Residents or Resident Associations Not in the Ownership Entity

The best examples of financial benefits flowing directly to residents were found in structures where residents or the resident association were not part of the ownership entity. In all of these examples, there was a local law or policy that catalyzed the negotiations that led to the transfer of power and benefits to community residents. It is also worth noting that these examples come from properties and communities where there is a recognized need for significant redevelopment.

Wealth Building for Residents through Developer Fee: Congress Heights

Congress Heights Apartments in the District of Columbia was previously owned by a company that neglected the property, resulting in sustained gravely unsafe and unhealthy conditions. The property was ultimately placed into receivership and, through litigation, the owner was forced to divest. The transfer of the property triggered TOPA rights and, although residents were relocated, those that remain in the tenant association are in the process of exercising their TOPA rights. The association is assigning its ownership rights over to a SAHF member, who will demolish the substandard housing and redevelop the property, preserving the right of residents to return to the new site.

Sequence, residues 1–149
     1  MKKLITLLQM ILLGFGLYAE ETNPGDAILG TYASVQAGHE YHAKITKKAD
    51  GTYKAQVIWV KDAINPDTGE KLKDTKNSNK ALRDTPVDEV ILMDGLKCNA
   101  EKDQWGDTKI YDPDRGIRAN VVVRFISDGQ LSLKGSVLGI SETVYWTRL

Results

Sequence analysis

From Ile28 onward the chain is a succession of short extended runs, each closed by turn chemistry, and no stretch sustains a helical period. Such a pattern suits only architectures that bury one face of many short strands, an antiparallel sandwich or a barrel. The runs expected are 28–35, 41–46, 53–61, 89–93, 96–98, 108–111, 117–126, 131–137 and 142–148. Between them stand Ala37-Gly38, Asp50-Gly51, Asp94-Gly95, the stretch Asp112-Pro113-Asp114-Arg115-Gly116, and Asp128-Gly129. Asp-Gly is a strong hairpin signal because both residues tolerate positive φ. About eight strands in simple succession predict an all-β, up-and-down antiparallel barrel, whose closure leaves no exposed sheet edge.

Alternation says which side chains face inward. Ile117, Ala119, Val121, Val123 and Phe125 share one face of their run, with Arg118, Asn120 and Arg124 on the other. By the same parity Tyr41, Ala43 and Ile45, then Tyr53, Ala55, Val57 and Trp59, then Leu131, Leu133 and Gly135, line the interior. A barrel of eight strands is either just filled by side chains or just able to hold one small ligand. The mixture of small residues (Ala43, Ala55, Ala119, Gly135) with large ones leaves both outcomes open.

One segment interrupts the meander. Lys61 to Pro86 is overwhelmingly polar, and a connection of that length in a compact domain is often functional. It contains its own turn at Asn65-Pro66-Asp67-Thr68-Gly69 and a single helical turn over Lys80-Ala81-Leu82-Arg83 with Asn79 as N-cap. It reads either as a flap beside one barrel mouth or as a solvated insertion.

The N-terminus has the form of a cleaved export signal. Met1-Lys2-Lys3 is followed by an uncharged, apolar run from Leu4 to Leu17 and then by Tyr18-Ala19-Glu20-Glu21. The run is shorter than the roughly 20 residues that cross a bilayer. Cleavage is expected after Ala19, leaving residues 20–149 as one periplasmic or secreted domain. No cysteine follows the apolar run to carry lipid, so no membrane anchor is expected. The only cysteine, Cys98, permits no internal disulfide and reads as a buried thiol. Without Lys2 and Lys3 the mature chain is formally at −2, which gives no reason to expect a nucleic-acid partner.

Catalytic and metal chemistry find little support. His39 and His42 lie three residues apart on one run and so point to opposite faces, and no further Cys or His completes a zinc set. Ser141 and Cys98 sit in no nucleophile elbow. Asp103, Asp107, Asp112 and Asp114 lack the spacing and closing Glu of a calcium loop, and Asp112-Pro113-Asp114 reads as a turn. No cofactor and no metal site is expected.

With the assistance of counsel, the resident association negotiated for a significant portion of the total developer fee in exchange for the assignment of its rights under TOPA. Half of the resident portion will be paid upon acquisition of the property, and the other half will be paid upon milestones in the redevelopment of the property as the developer fee is earned. The funds will be divided among the 10 resident association member households that remained in the property at the time of the transaction.

Legal counsel for the residents helped structure payments and provided guidance to help minimize income and asset eligibility implications for housing assistance, other public benefits, and overall tax liability.

It’s important to note that the deplorable conditions and years of neglect at the property played a significant role in the negotiation of this payment and should be avoided, not replicated. As with other examples across the SAHF member portfolio, the creation of this structure was facilitated by local law but could be voluntarily replicated by willing owners.

Informal Resident Control Driven by Local Partner: Friendship Court

A view from the ground of Kindlewood units. The windows are still blank and devoid of curtains, indicating that the building is still under construction. The narrow, joined apartments have varied fronts and they include tan or red brick, or clapboard, or combinations thereof. The roofs are peaked. The view doesn't include the front doors and there are no people in the photo. The sky is blue.

Kindlewood. Photo courtesy of the National Housing Trust